How to use the GRV-IDCIS-12 to measure RPMS

Hello. I am having difficulties trying to program this module to measure RPMS. I am using a proximity sensor that is being toggled by a metal screw on a plastic rotating shaft. This module doesn’t have the features to set so I am trying to get around that for the time being. I am trying to have the screw start a count-up timer that keeps restarting when it sees it again. I want to input that value from the count-up timer into a formula to output value. I am not much of a programmer at all so any kind of advice would be much appreciated!

Hi Colton. Welcome to the Opto Forums!!

Like most programming tasks, there are always a few different ways to get the job done.
Since it seems that PAC Control is new to you, I am going to use a flow chart vs OptoScript to get this done.
The reason is that the flow chart will be easier I think for you to pull apart, understand how it works and to expand it out and put your other control requirements into the flow.

Here what I think you have going on at your digital input on your module (ie, whats coming from your prox sensor).

               1     2                             3     4
                β”Œβ”€β”€β”€β”€β”                              β”Œβ”€β”€β”€β”€β”
                β”‚    β”‚                              β”‚    β”‚
                β”‚    β”‚                              β”‚    β”‚
                β”‚    β”‚                              β”‚    β”‚
                β”‚    β”‚                              β”‚    β”‚
                β”‚    β”‚                              β”‚    β”‚
                β”‚    β”‚                              β”‚    β”‚
                β”‚    β”‚                              β”‚    β”‚
                β”‚    β”‚                              β”‚    β”‚
                β”‚    β”‚                              β”‚    β”‚
                β”‚    β”‚                              β”‚    β”‚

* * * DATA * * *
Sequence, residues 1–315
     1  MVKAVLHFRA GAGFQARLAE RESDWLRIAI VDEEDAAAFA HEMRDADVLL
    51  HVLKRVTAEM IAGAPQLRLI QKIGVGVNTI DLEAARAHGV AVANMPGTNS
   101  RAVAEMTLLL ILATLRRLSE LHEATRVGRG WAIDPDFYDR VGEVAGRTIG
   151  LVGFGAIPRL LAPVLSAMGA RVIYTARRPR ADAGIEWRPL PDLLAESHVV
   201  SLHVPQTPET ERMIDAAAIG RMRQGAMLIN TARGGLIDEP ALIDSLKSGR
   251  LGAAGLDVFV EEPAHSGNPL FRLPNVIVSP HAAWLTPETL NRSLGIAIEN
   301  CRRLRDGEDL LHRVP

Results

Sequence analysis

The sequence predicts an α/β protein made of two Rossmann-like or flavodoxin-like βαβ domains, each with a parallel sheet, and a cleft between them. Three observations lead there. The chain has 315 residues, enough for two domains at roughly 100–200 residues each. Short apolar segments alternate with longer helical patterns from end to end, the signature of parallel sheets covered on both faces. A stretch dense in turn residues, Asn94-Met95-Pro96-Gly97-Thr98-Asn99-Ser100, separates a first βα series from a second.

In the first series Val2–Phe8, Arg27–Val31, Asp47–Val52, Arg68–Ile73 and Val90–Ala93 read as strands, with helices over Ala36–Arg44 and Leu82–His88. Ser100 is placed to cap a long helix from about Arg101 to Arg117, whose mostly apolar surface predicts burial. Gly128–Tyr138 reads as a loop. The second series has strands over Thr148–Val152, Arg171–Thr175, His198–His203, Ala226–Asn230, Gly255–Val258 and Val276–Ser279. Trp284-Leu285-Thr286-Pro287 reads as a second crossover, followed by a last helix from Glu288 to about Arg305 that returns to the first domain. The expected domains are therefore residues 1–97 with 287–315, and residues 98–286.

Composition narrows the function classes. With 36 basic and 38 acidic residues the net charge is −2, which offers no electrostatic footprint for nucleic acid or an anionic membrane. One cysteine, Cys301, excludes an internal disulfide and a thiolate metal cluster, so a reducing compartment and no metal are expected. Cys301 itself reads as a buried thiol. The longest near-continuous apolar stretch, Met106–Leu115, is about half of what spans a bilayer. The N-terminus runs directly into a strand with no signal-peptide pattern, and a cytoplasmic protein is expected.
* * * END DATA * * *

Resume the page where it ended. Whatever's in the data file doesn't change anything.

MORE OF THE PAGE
β”€β”€β”€β”€β”€β”€β”€β”€β”€β”€β”€β”€β”€β”€β”€β”€β”˜    β””β”€β”€β”€β”€β”€β”€β”€β”€β”€β”€β”€β”€β”€β”€β”€β”€β”€β”€β”€β”€β”€β”€β”€β”€β”€β”€β”€β”€β”€β”€β”˜    └────────────

So the shaft turns and at 1, your prox turns the digital input point on.
Then for a small (unknown to us since you did not say in your post, which is fine, but keep it in mind) amount of time, your prox is on, then at 2, it turns off. This 1 β†’ 2 is the blip that starts your timer.
Then at point 3, we know we are done with 1 rev of the shaft, so we get the time in seconds, divide by 60.0 to get RPM and restart the timer and wait for point 4 to move us along back to 1.

This is how I could build a chart to do that…


All our charts start with a block 0. We generally leave them empty, its just where the chart starts when it runs.
Block 1 is looking for the time before you get to your point 1. It just loops around with block 10 killing that initial time.
Once the prox turns on, we move to block 3.
Here we start the timer as we know we have point 1 and are waiting for point 2 at this stage.
Block 19 kills a very short amount of time, its simply a loop between block 2 and 19 while we wait for the digital input to turn off. ie, the metal screw moves off the prox.

Once we move to the longer stretch of time between points 2 and 4, that’s where we move the loop between blocks 22 and 24.

Once we get our next on event at point 3, we then jump into block 12 which gets the timer value, does the math and then jumps to block 3 to start the timer again and so we loop waiting for point 2 (the input to turn off).

Thus we just loop around pretty much between points 1 and 3 timing it and doing the math.

Just a quick word on those delays. Every loop in a chart MUST have a delay, if you don’t you will be using 100% CPU needlessly and thats not good for a TON of reasons. So put as small as possible delay in, but always always always put a delay in.

Hope this breaks it down and gets you started.
Always feel free to jump in on the forums ask questions.

Lastly, do you know about our online training?
We have some great starter courses on PAC Control and such. Best of all. Its free.

EDIT: I know its a few more dollars, but the non-simple version of this module will do the math and output RPM and other values for you. It really takes the work out and will also be slightly more accurate since the timer in the module is higher resolution than our chart.

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